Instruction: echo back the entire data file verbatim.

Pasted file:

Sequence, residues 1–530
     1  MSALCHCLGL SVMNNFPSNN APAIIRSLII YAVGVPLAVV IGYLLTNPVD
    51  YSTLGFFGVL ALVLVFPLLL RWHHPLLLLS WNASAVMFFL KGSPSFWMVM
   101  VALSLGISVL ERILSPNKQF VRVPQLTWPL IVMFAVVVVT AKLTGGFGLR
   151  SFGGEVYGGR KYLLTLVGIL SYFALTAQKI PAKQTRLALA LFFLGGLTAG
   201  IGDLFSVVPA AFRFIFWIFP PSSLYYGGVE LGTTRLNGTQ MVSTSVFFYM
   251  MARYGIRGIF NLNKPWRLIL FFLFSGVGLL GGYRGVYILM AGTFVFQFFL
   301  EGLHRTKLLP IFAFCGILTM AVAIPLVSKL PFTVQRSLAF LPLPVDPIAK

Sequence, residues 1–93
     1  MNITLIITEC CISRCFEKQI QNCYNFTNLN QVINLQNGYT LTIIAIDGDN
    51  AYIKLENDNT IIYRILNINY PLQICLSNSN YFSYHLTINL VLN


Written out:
Sequence, residues 1–530
     1  MSALCHCLGL SVMNNFPSNN APAIIRSLII YAVGVPLAVV IGYLLTNPVD
    51  YSTLGFFGVL ALVLVFPLLL RWHHPLLLLS WNASAVMFFL KGSPSFWMVM
   101  VALSLGISVL ERILSPNKQF VRVPQLTWPL IVMFAVVVVT AKLTGGFGLR
   151  SFGGEVYGGR KYLLTLVGIL SYFALTAQKI PAKQTRLALA LFFLGGLTAG
   201  IGDLFSVVPA AFRFIFWIFP PSSLYYGGVE LGTTRLNGTQ MVSTSVFFYM
   251  MARYGIRGIF NLNKPWRLIL FFLFSGVGLL GGYRGVYILM AGTFVFQFFL
   301  EGLHRTKLLP IFAFCGILTM AVAIPLVSKL PFTVQRSLAF LPLPVDPIAK

Sequence, residues 1–93
     1  MNITLIITEC CISRCFEKQI QNCYNFTNLN QVINLQNGYT LTIIAIDGDN
    51  AYIKLENDNT IIYRILNINY PLQICLSNSN YFSYHLTINL VLN